Windows 10 Performance Variability and Intel Thread Director
However, Intel pointed out that you'll get the best performance with Windows 11 and that you can expect some performance variability if you use Windows 10. That means performance can be inconsistent, with programs running faster sometimes and slower at other times.
With a mix of both performance and efficiency cores, Intel's biggest challenge lies in assuring that the correct type of workloads land on the correct cores. It's easy to see that having a core that excels at high-performance workloads isn't much help if the high-performance workloads consistently land in the slower cores. Unfortunately, thread scheduling systems based entirely on static rules (priority, foreground, background) tend to be inefficient and create software programming overhead.
Intel's Thread Director technology is the key here. This hardware-based technology uses a trained AI model to identify different types of workloads at the chip level. It then provides that enhanced telemetry data to Windows 11 via a Performance Monitoring Unit (PMU) built into the chip. The operating system then uses that data to help assure that threads are scheduled to either the P- or E-cores in an optimized and intelligent manner.
However, while Windows 11 exploits Thread Director's full feature set, Windows 10 does not. Due to optimizations for Intel's Lakefield chips, Windows 10 is aware of hybrid topologies, meaning it knows the difference between the performance and efficiency of the different core types. Still, it doesn't have access to the thread-specific telemetry provided by Intel's hardware-based solution.
As a result, threads can and will land on the incorrect cores under some circumstances, which Intel says will result in run-to-run variability in benchmarks. It will also impact the chips during normal use, too. Intel says the difference amounts to a few percentage points of performance and that the chips still provide an "awesome" user experience. We'll have to see how that works in the real world to assess the impact.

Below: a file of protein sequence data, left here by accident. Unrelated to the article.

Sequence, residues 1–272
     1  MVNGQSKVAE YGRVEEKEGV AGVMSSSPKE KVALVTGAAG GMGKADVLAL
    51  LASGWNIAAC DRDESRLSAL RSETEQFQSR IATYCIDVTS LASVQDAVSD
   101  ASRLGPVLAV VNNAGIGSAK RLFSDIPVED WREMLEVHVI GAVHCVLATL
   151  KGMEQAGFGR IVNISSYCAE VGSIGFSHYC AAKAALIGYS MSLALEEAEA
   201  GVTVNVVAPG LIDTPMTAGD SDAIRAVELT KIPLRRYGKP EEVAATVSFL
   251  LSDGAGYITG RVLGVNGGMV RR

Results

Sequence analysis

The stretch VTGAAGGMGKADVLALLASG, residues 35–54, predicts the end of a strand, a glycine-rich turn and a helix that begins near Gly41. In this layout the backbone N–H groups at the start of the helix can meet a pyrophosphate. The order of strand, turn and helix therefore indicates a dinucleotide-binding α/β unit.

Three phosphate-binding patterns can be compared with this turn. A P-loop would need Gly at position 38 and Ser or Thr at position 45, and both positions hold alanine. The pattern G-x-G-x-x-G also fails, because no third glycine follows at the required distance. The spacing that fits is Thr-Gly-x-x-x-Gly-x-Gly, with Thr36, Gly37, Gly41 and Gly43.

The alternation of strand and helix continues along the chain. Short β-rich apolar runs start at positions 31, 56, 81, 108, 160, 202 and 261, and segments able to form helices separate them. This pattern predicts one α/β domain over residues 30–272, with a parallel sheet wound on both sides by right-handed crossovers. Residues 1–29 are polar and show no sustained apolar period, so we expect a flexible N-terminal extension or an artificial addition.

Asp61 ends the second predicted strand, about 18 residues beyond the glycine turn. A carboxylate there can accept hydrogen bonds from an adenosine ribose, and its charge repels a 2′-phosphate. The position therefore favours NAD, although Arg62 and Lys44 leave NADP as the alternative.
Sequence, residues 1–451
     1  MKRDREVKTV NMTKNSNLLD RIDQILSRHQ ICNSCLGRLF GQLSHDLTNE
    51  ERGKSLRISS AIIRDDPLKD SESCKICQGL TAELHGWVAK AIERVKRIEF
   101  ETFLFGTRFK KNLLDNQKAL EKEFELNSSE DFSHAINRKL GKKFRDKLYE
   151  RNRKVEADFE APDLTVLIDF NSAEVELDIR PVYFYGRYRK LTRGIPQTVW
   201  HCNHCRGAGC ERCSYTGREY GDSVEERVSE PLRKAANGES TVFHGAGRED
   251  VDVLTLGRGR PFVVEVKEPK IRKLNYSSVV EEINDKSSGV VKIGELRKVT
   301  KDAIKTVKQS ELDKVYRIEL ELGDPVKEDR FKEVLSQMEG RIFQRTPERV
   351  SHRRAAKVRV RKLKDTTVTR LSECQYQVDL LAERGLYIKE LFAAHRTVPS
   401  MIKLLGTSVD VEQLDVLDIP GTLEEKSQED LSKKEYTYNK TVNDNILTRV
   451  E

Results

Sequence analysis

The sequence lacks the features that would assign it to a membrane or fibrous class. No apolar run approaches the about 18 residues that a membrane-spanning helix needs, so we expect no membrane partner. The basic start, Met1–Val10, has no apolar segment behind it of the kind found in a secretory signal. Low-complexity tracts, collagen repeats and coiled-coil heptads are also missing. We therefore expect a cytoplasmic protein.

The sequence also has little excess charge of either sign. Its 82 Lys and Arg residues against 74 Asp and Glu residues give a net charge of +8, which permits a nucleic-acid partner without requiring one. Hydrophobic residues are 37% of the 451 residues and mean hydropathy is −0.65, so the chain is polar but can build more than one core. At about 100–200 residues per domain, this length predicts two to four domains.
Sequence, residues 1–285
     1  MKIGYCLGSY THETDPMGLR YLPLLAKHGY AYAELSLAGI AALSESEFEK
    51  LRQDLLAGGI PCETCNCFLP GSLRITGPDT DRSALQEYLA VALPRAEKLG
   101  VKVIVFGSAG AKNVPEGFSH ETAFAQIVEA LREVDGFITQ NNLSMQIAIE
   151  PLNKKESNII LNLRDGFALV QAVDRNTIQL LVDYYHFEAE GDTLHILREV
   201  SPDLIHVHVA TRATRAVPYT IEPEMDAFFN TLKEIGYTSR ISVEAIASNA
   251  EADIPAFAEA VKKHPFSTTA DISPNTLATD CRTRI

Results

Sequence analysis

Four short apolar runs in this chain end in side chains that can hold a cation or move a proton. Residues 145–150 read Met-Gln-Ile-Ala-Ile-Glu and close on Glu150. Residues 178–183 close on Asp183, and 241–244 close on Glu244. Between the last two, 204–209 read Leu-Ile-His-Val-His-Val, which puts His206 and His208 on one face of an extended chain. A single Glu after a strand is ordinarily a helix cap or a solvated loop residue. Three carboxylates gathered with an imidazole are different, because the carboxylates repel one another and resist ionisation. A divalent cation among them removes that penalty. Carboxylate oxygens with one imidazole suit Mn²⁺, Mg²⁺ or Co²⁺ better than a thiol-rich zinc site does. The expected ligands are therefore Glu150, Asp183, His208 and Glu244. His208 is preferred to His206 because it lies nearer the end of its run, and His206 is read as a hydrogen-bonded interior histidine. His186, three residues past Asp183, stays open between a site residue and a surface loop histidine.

Intel also says that users can assign the priority of background tasks through the standard Windows settings, but these global settings apply to all programs. So it remains to be seen if that will have a meaningful impact on performance variability in Windows 10.
Alder Lake Performance
According to Intel's claims, the hybrid architecture pays big dividends when it functions to its fullest. We already covered many of the performance and efficiency highlights in our Alder Lake deep dive, but Intel also shared a few important new nuggets.
Intel says that the E-Cores provide the same level of single-threaded performance as Intel's Skylake architecture used in the Comet Lake chips, which is phenomenal even though Intel conducted this test at a fixed frequency (you might not get that level of single-threaded performance in normal use). Remember, four of these small cores fit into the same space as one Skylake core.
Intel also claims an impressive generational leap in power efficiency, with the Alder Lake-S chip running at 241W being 50% faster than the Core i9-11900K at 250W. More impressive, Intel claims that the 12900K can deliver the same level of threaded horsepower at a mere 65W as the 11900K gives at 250W, representing a massive performance-per-watt advantage.
Intel also shared a few other new details about how its Thread Director assists Windows 11, but we'll save most of that deep-dive info for the review.